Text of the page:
Surely the Consumer Guarantees Act 1993 won’t let you down! However the Act provides you must reject goods “within a reasonable time”. What is reasonable will depend on the type of goods and how they were used. You might not be entitled to compensation if it turns out that the minor problems you have been having for 18 months, if fixed, would have prevented the TV from stopping altogether.

This is a handful of the limitation periods applying to a vast array of legal situations. While some of the limitation periods may be extended by a court, the examples highlight it may be crucial to seek legal advice as soon as possible. Most claims must be brought within a certain time, or the opportunity to obtain a remedy will be lost.

If you would like further information, call Sue Wooldridge 09 407 0174 or Graeme McLelland 09 407 0179.


These Boots are Made for Walking – The Walking Access Act 2008

If you are a farm owner this Act won’t walk all over you!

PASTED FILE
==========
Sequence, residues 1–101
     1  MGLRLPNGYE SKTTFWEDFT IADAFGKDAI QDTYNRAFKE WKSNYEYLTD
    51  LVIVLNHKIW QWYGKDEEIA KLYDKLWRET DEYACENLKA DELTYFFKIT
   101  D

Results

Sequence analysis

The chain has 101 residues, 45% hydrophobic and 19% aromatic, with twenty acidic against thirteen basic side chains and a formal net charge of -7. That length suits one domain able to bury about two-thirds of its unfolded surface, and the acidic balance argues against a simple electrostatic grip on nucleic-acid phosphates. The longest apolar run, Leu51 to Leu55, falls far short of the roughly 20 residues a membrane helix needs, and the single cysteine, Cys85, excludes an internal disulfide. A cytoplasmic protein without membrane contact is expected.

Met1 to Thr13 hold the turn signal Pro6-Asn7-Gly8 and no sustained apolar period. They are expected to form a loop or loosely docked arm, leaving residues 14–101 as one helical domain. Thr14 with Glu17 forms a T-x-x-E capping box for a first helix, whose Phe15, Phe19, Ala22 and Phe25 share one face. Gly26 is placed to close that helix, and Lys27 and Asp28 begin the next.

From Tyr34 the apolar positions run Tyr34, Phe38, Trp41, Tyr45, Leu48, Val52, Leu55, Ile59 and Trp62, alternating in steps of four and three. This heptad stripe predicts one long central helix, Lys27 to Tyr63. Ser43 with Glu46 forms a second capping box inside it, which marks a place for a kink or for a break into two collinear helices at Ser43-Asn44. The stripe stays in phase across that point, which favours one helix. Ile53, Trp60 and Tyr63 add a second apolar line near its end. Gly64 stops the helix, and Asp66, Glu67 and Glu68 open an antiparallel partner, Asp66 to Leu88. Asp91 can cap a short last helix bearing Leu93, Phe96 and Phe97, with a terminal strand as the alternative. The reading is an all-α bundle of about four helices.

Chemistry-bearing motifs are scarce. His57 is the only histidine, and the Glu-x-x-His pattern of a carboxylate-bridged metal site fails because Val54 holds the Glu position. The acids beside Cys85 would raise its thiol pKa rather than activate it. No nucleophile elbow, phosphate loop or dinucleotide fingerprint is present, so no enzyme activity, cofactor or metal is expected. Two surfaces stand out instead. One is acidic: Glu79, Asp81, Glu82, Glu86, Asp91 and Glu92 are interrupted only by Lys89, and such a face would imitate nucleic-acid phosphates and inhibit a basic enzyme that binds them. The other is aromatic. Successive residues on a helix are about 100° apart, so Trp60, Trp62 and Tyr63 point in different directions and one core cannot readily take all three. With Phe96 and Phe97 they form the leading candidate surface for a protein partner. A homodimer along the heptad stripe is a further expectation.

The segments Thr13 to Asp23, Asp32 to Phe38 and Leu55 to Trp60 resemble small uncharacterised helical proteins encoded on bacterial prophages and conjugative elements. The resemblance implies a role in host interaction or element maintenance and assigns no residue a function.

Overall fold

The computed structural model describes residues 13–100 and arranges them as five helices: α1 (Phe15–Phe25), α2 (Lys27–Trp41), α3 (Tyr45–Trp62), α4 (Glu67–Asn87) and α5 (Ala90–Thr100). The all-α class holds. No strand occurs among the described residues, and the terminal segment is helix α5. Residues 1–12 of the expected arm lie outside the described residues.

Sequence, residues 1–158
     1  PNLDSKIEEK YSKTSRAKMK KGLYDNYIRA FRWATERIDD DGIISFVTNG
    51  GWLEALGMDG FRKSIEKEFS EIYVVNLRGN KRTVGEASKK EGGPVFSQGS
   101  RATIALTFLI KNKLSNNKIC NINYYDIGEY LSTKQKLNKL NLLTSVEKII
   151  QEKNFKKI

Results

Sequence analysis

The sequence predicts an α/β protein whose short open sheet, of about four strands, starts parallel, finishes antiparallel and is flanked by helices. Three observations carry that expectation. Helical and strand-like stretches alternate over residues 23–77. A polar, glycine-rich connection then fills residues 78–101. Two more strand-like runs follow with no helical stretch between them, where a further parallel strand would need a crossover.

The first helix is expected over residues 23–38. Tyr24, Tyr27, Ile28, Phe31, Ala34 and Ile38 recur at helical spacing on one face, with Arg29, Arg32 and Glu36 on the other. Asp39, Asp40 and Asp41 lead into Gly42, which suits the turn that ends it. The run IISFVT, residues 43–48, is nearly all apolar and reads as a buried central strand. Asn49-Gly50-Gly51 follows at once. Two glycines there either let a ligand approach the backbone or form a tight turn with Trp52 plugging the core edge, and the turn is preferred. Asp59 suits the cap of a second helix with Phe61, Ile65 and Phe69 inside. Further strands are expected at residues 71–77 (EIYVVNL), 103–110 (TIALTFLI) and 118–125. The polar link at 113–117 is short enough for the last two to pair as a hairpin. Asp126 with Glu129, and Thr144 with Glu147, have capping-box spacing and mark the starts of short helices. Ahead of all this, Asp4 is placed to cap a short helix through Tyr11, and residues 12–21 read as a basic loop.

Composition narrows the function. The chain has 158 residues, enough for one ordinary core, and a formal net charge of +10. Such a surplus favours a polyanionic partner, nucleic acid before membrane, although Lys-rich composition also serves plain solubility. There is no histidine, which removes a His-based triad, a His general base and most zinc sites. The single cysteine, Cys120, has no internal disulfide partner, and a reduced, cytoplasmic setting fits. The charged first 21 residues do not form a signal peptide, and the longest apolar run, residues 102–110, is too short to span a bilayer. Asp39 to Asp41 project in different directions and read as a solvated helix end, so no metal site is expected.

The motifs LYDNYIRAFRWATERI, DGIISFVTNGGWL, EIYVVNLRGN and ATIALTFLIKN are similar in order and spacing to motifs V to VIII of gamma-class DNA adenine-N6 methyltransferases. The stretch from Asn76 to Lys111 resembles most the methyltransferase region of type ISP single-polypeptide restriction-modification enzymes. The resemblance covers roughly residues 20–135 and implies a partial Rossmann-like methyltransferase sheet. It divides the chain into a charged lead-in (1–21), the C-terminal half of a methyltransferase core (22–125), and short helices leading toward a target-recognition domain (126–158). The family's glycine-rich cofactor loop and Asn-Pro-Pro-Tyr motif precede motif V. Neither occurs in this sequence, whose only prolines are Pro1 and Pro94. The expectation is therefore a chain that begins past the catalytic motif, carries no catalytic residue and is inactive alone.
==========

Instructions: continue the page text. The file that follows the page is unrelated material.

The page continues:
On 25 September 2008 the Walking Access Bill was passed in Parliament. The origins of the Bill hail back to 2004 when the Government floated the idea of creating marginal public strips across privately owned land to allow all New Zealanders access to important recreational waterways. Property owners were concerned at the possibility of compulsory acquisition of private land for public walkways and farmers raised concerns related to disruption of stock, damage to private property near walkways and public safety. One major concern was their own liability for accidents on their property.